As early as 1924, even before he appeared on radio or records, the hard-drinking textile millhand Charlie Poole was already broadcasting his high-spirited, percussive dance music throughout the mountains of southwestern Virginia. Besides performing for paying audiences at formal stage shows, the renowned five-string banjoist and his brother-in-law, fiddler Posey Rorer, often entertained in private homes for parties and dances around Franklin County, Virginia, where Rorer had been born and raised. Sometimes the duo “broadcast” using their host’s hand-crank telephone, thereby sharing their music, via the telephone party line, with avid listeners in the community. During the mid-to late 1920s,...

  7. 3 CAIN’T MAKE A LIVING AT A COTTON MILL: DAVE McCARN
    (pp. 162-215)

    In May 1930, Dave McCarn found himself in Memphis, Tennessee, six hundred miles from home and nearly flat broke. When the onset of the Great Depression threw him out of work, McCarn, a twenty-five-year-old Gastonia, North Carolina, millhand, and his fourteen-year-old brother, Homer, joined tens of thousands of other unemployed workers wandering across the country in a desperate search for jobs. Hoboing out west, the McCarn brothers hopped freight trains and thumbed rides, slept in city parks, and picked up odd jobs wherever they could find them. But after several weeks, with opportunities for work becoming ever scarcer and their...

  8. 4 A BLESSING TO PEOPLE: THE DIXON BROTHERS, HOWARD AND DORSEY
    (pp. 216-274)

    Carolina textile singer and songwriter Dorsey Dixon was never supposed to live. At birth, he was a puny, oxygen-starved baby weighing only three pounds, what in the vernacular of the day was called a “blue baby.” “I heard [my parents] tell friends and neighbors many times that I was a blue baby. Which I did not understand,” Dixon later explained in one of his autobiographical writings. “But I have learned that such babies requared the greatest of care by doctors and nerses. and was right up next to imposible to keep one of them from slipping out from the living....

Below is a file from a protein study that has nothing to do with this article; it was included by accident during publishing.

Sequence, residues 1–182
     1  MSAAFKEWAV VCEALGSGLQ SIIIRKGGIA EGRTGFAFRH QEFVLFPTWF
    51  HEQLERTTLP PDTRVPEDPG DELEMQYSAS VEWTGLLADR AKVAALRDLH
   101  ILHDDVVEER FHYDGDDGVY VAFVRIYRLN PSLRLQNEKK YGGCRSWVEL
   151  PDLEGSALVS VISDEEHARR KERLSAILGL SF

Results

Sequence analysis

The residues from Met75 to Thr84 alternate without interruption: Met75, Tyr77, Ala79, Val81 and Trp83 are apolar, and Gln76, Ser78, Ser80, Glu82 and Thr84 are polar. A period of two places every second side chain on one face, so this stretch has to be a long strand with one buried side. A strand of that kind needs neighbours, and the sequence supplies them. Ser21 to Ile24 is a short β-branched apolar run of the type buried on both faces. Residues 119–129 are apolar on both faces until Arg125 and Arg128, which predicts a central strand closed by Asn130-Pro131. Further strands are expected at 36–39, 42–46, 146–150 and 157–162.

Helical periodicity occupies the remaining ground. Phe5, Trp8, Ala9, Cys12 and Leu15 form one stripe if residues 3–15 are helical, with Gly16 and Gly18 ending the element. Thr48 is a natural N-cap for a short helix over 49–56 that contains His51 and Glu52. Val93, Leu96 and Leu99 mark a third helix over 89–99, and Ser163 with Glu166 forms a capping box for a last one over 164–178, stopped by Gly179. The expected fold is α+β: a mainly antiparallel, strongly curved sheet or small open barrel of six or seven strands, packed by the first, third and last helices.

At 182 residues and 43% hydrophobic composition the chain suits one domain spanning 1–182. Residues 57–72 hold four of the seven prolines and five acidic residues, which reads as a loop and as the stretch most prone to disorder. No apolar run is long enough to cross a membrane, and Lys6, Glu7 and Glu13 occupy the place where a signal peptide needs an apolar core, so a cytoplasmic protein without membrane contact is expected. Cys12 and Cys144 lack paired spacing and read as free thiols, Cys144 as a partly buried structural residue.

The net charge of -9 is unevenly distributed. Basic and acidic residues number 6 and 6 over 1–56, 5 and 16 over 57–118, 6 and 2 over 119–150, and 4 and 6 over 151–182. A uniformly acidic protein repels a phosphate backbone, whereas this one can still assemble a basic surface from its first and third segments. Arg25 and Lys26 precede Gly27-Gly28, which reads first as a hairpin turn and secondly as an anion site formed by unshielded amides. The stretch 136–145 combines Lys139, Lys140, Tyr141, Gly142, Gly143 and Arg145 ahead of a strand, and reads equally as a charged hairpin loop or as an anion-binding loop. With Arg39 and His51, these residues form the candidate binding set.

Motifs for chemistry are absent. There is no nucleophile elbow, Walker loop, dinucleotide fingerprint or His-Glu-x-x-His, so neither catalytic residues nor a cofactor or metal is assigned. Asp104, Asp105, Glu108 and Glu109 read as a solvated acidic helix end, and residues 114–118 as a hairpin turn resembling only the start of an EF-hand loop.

9. EPILOGUE
    (pp. 275-282)

    Collectively, oral histories, labor histories, sociological studies, journalistic exposés, photographs, and even phonograph records reveal beyond any reasonable doubt that throughout the late nineteenth century and much of the first half of the twentieth century the lives of ordinary Piedmont textile workers were riddled with poverty, hunger, hardship, disease, and, in some cases, despair. Before the passage of the New Deal’s National Industrial Recovery Act in 1933, these workers, disparagingly called “lintheads” or “factory trash” by townspeople and farmers alike, operated clattering weaving looms and spinning frames for ten or eleven hours a day, five days a week, plus a...

  10. APPENDIX A. Directory of Southern Textile Workers Who Made Hillbilly Recordings, 1923–1942
    (pp. 283-300)
  11. APPENDIX B. Discography of Southern Textile Workers’ Commercial Recordings, 1923–1942, Reissued on CD
    (pp. 301-306)
  12. NOTES
    (pp. 307-364)
  13. BIBLIOGRAPHY
    (pp. 365-392)
  14. DISCOGRAPHY
    (pp. 393-398)
  15. ACKNOWLEDGMENTS
    (pp. 399-402)
  16. INDEX
    (pp. 403-416)